Saturday, 3 March 2012

New Penguins from the Oligocene of New Zealand.

Penguins are thought to have originated in New Zealand and subsequently spread to other parts of the Southern Hemisphere. Certainly both modern and fossil Penguins are at their most diverse in New Zealand. A large number of fossil penguins have been described from New Zealand, although, as is often the case with fossil birds, many of these are fragmentary in nature.

In a paper in the March 2012 edition of the Journal of Vertebrate Paleontology a team of scientists lead by Daniel Ksepka of the Department of Marine, Earth, and Atmospheric Sciences at North Carolina State University describe a new genus of Penguins from the late Oligocene Kokoamu Greensand of North Otago and South Canterbury, South Island, New Zealand. Two species are described within this genus, and a number of previously described, fragmentary penguins from museum collections are referred to it without attempting to classify them to the species level.

The new genus is described as Kairuku, meaning the diver who brings food in Maori. It is divided into two species, named K. waitaki, named for the Waitaki River (which translates as 'river of tears') and K. grebneffi, after Andrew Grebneff, a palaeontologist at the University of Otago who died in 2010.

Skeletal elements from Kairuku waitaki & Kairuku grebneffi. (A & B) Beak tip of K. waitaki in dorsal and lateral views. (C & D) Beak tip of K. grebneffi in dorsal and lateral views. (E & F) Right quadrat of K. waitaki in cranial and caudal view. (G & H) Mandible of K. waitaki in dorsal and lateral view. (I) Right lacrimal of K. waitaki in lateral view. (J) Atlas of K. waitaki in cranial view. (K, L & M) Right coracoid of K. grebneffi in ventral, proximal and dorsal views. (N & O) Left coracoid of K. waitaki in dorsal and ventral views. (P) Omal portion of the scapula of K. grebneffi. (Q) Omal portion of the furcula of K. grebneffi. (R, S & T) Sternum of K. grebneffi in ventral, lateral and dorsal views. (U & V) Sternal trebecula of K. waitaki in ventral and dorsal views. (W) Sternal fragment of K. waitaki in cranial view. Abbreviations: am, tubercle for m. adductor mandibulae externus pars profunda; cl, cotyla lateralis; cm, cotyla medialis; co, capitulum oticum; cq, cotyla quadratojugalis; cr, crest on sternum; cs, cotyla scapularis; csq, capitulum squamosum; dep, depression on processus acrocoracoideus; f, furrow; fas(l/m), facies articularis sternalis (lateral and medial); j, articular facet for jugal; il, incisurae costalis; pl, processus lateralis; po, processus orbitalis; pr, processus retroarticularis; sac, sulcus articularlis coracoideus; tl, trabecula lateralis. From Ksepka et al. (2012).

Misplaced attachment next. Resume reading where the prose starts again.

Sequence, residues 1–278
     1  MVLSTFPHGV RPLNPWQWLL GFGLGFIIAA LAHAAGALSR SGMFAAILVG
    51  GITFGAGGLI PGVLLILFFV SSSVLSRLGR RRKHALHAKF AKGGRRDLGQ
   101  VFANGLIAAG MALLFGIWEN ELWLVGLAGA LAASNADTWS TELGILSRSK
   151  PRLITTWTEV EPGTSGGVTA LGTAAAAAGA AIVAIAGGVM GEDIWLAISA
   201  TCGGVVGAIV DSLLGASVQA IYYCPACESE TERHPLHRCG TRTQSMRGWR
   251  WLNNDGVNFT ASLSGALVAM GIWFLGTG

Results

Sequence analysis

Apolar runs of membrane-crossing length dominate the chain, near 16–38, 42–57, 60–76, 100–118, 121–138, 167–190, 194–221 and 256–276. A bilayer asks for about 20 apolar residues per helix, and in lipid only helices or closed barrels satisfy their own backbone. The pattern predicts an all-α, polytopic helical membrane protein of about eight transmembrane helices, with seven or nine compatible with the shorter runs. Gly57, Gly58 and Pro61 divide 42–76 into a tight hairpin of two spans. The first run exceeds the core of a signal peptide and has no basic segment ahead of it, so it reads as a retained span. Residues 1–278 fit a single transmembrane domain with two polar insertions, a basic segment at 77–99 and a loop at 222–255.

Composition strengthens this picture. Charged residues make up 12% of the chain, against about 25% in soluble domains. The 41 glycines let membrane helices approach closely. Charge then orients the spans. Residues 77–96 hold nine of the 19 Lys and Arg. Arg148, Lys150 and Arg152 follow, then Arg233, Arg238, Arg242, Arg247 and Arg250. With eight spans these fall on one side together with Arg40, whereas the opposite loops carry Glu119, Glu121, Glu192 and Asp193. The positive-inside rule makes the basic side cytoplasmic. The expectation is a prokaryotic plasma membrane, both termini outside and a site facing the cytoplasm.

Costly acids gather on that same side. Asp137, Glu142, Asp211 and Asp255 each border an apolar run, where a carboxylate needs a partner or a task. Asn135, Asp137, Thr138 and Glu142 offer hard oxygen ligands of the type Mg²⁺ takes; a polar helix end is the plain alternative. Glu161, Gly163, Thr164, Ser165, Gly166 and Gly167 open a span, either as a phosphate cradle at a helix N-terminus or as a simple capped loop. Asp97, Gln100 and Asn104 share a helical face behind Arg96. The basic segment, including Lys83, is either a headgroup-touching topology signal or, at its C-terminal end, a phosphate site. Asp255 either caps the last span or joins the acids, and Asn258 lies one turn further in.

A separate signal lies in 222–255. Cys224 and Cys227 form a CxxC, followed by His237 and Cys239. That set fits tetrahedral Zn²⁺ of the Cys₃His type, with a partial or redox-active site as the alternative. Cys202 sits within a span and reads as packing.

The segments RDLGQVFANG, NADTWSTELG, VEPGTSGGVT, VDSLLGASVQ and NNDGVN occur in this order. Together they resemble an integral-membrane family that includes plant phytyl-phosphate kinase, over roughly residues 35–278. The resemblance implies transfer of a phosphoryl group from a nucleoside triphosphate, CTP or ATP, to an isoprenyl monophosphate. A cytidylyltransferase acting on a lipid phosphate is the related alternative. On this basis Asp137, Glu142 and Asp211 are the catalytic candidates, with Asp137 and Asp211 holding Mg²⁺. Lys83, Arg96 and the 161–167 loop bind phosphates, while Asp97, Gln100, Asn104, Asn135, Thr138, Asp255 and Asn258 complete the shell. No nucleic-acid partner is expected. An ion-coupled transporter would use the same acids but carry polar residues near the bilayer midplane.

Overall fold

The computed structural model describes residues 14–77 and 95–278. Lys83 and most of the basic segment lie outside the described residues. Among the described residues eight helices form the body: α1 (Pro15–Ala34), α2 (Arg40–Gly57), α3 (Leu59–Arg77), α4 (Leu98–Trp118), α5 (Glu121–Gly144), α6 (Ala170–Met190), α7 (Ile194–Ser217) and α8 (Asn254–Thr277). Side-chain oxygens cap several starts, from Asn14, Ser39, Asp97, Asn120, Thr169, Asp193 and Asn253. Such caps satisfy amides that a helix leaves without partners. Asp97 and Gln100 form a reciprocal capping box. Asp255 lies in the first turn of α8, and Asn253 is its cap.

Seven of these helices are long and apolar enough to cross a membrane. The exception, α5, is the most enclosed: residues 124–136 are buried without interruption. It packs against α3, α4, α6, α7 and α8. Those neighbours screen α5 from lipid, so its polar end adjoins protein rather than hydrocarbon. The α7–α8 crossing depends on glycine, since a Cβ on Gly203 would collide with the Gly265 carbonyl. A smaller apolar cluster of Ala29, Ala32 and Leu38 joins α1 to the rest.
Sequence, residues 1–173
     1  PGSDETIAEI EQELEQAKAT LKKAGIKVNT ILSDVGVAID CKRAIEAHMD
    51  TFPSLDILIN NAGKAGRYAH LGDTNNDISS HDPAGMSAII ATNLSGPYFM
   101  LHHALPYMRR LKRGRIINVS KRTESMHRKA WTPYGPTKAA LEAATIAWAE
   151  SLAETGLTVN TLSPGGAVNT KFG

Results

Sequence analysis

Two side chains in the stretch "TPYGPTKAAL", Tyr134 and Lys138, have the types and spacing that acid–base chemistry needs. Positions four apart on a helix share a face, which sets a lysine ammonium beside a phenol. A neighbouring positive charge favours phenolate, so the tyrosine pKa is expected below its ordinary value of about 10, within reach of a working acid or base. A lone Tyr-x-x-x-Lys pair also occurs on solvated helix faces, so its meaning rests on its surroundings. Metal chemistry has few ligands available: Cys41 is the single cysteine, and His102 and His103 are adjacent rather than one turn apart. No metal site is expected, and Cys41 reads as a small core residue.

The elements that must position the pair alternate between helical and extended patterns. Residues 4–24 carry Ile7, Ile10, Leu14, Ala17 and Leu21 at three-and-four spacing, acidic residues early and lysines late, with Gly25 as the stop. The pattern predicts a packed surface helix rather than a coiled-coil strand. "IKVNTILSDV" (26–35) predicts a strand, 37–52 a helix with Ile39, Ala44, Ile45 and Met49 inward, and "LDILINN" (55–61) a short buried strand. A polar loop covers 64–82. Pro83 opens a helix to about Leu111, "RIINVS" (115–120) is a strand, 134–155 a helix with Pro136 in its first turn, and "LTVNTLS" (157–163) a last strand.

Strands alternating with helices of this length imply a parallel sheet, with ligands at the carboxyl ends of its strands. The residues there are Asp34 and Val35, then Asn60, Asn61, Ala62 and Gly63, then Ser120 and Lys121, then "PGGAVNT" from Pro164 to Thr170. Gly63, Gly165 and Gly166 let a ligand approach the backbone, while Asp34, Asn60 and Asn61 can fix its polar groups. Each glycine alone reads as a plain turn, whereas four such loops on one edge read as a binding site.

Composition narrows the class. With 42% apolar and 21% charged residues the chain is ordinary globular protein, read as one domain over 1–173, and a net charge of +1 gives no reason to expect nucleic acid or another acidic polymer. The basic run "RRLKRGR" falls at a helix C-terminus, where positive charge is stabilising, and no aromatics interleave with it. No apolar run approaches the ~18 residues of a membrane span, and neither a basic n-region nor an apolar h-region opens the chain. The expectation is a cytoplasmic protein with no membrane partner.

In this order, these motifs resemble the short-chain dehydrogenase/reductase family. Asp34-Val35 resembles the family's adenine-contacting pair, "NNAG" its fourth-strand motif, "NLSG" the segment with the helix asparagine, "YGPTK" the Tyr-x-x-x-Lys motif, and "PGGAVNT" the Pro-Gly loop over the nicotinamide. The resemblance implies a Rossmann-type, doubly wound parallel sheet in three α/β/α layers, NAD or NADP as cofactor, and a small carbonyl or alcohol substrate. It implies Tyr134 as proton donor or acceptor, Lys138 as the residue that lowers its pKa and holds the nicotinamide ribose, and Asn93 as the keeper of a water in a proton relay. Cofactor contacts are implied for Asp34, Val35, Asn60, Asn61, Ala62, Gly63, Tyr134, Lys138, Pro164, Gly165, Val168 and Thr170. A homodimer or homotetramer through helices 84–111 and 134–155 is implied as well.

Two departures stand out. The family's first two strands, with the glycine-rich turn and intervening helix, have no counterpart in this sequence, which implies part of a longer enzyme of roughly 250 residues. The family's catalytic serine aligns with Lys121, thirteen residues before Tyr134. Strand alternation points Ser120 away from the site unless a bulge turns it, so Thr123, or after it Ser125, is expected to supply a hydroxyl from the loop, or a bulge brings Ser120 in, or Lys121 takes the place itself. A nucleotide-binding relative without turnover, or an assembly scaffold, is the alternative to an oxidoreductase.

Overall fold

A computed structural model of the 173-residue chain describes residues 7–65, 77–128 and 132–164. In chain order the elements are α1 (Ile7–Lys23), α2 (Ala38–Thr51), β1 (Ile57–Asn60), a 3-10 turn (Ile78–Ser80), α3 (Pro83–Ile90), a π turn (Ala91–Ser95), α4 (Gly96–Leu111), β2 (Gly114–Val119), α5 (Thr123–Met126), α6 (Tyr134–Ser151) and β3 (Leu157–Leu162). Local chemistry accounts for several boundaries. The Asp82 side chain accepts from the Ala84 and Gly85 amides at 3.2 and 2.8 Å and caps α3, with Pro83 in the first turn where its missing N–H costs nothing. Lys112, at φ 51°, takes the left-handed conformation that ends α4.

Both birds were identifies from riverine, rather than marine, sediments suggesting that these early penguins may have been freshwater dwellers. The skeletons are far more complete than many previous fossil penguins, allowing for a more complete model of the living birds to be constructed than has previously been the case.

Reconstruction of Kairuku sp. by Chris Gaskin of the Geology Museum at the University of Otago.

The birds are clearly adapted for the 'underwater swimming' lifestyle of penguins, though the proportions are somewhat different to those of modern species. Previous fossil penguins from New Zealand have been described as 'Giant Penguins' based upon single large bones. Ksepka et al. question the wisdom of this, since the proportions of ancient penguins are not the same as those of modern penguins, individual large bones do not necessarily translate into particularly large birds.

They estimate that in order to be described as a Giant Penguin then a bird would have to be known to be as large as, or larger than, the modern Emperor Penguin (Aptenodytes forsteri). They felt able to estimate a size for only one of the new species, K. grebneffi, at 1.28 m tall. The Emperor Penguin is often described as reaching 1.5 m in height, though Ksepka et al. note that this is at odds with specimens preserved in museums, and recorded by scientists in the field, which range from 83 to 115 cm in height. By these standards K. grebneffi is indeed a Giant Penguin, though this is somewhat less impressive than some previous claims for fossil birds.

The sternum and coracoids of (A) Kairuku grebneffi and (B) The modern Emperor Penguin (Aptenodytes forsteri). From Ksepka et al. (2012).

See also The Penguins of Africa and Birds on Sciency Thoughts YouTube.

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